Facebook

Subscribe to the Blackle Newsletter

Eco Search

Blackle

The Truth About Bamboo

Have you ever bought a piece of clothing because on the tag it had the words “100% percent bamboo fiber”? These are often advertised as eco-friendly products from a sustainable resource.

While bamboo (a member of the grass family that can grow up to or more than a yard per day), may be renewable, the process used to make bamboo textiles is not.

The most common way is ‘cooking’ leaves and shoots in a harsh chemical process that involves soaking them in carbon disulfide, otherwise known as caustic soda, or lye. This process is toxic not only to the earth, but drastically effects the communities and workers near or at the industry site. Exposure to the process used to make bamboo rayon has been linked to serious health problems, as well as immediate tiredness, headache and nerve damage.

In 2009, the Federal Trade Commission (FTC) charged four companies with making false green claims, as well as deceptive labelling. The ‘Natural Bamboo Fiber’ was not fiber, but rayon, which can be created with the cellulose from almost any tree. And the process used to create it was definitely not eco-friendly.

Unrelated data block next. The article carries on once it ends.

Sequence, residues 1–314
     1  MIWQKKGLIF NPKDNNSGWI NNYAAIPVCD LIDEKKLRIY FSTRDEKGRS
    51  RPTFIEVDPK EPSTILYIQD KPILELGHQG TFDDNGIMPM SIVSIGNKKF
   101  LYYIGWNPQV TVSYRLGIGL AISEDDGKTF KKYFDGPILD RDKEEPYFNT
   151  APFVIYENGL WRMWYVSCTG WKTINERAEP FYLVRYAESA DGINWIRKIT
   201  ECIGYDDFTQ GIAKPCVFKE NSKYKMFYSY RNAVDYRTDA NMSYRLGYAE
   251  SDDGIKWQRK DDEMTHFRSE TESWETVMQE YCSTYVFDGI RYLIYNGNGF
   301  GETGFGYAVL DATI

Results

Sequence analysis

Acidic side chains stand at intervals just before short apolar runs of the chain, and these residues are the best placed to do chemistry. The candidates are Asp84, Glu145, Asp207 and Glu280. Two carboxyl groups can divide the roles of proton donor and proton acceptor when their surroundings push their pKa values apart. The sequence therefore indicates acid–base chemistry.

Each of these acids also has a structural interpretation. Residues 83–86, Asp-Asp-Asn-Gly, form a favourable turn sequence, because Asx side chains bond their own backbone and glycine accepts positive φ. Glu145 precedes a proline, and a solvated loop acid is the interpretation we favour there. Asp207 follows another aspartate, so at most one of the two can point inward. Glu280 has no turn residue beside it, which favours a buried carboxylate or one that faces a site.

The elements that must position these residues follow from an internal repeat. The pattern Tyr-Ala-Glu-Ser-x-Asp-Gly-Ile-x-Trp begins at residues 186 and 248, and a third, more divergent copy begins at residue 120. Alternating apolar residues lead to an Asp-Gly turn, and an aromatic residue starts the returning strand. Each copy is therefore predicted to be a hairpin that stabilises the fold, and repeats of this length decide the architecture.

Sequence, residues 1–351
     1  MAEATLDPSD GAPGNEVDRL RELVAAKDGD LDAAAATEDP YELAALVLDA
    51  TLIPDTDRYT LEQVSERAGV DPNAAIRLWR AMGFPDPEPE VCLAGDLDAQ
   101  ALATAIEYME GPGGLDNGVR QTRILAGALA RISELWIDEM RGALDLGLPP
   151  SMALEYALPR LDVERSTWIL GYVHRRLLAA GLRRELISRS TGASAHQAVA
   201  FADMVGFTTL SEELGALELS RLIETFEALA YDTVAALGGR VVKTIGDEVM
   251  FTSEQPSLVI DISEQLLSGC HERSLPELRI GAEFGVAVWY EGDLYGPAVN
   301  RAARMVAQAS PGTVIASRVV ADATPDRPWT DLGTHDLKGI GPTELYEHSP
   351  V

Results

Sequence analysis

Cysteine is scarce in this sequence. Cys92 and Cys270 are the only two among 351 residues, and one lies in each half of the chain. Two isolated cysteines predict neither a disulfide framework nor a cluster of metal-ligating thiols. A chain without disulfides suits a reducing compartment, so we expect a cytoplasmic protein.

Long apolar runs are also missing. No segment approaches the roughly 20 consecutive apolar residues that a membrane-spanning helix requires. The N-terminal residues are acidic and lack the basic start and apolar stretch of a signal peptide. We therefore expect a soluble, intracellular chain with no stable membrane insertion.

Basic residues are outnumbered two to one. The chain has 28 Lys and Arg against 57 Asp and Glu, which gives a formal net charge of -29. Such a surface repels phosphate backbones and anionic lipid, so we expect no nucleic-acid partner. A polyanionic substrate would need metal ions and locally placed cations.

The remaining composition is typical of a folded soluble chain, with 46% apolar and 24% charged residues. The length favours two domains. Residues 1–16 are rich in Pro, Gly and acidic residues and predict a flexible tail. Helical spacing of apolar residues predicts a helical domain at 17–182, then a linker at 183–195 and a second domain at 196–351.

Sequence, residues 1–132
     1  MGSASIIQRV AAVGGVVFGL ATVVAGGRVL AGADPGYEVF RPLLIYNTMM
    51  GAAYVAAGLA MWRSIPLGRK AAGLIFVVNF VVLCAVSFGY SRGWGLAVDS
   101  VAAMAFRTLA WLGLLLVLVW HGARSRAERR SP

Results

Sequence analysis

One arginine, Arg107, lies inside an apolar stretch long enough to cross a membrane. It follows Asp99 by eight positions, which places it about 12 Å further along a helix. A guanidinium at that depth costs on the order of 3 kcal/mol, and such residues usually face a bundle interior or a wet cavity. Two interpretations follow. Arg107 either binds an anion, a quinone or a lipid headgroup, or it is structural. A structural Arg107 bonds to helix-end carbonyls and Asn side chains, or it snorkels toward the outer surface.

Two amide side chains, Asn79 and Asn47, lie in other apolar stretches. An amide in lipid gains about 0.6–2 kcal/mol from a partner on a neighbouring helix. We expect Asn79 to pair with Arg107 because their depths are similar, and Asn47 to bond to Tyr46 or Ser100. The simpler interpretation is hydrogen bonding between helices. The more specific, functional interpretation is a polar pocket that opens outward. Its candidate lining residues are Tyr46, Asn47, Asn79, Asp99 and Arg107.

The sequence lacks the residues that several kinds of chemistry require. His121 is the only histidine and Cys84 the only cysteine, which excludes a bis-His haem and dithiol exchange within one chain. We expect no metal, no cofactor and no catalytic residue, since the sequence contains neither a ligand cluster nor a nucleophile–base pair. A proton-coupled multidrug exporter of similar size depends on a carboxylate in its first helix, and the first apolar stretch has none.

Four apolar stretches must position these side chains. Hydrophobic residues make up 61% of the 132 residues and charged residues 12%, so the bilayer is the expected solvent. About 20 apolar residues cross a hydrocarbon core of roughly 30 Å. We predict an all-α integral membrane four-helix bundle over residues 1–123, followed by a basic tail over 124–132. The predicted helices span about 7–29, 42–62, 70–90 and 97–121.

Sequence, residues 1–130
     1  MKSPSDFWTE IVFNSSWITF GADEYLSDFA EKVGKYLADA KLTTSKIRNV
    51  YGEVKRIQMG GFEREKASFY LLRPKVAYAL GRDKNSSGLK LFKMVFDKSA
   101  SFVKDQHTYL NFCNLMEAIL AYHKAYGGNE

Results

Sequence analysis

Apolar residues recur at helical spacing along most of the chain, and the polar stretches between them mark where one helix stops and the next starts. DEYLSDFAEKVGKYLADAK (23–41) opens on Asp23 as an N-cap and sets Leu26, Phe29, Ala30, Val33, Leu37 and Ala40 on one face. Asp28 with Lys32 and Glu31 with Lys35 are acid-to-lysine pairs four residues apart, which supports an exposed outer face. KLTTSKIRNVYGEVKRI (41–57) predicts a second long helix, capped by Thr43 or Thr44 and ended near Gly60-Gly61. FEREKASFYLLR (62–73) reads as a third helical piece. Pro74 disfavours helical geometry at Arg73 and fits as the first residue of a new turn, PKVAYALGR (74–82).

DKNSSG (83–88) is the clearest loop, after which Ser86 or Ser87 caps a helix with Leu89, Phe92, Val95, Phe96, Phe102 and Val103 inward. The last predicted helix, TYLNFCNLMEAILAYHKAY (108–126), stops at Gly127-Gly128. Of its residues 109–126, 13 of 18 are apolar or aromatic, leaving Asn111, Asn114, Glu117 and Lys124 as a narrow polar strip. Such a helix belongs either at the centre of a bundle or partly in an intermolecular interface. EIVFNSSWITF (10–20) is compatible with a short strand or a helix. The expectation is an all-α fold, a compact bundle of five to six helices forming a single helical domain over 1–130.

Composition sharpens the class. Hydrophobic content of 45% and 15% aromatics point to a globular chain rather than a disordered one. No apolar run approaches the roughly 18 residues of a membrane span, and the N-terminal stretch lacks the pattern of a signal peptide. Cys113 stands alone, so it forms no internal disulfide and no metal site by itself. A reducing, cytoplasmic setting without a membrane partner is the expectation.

It is possible to tell, however, if that lovely scarf you bought is environmentally friendly.

Rayon under the brand name “Tencel” are produced in a closed loop process where the chemicals used to create the rayon are recycled and reused, and the trees are a lot more sustainable than cotton. There is also natural bamboo linen, produced in the same process as hemp linen. So if you’re tag says ‘bamboo linen’, or ‘Tencel’, it’s most likely what it says it is.

As for those ‘100% bamboo fiber’ tags, we’ve been bamboozled (pun very much intended.)

Sources:

http://www.greenerchoices.org/products.cfm?product=bamboofabric
http://organicclothing.blogs.com/my_weblog/2007/09/bamboo-facts-be.html
http://www.ftc.gov/opa/2009/08/bamboo.shtm
http://duhbe.com/blog/2010/05/bamboozled-the-real-truth-about-bamboo-fabrics/

If you read this far, we assume you found this post interesting. Please help Blackle Mag thrive by sharing it using the social media buttons below.

What did you think of this post? Let us know in the comments below.

Visit out sister site blackle.com
© 2017 Heap Media | Privacy Policy & Terms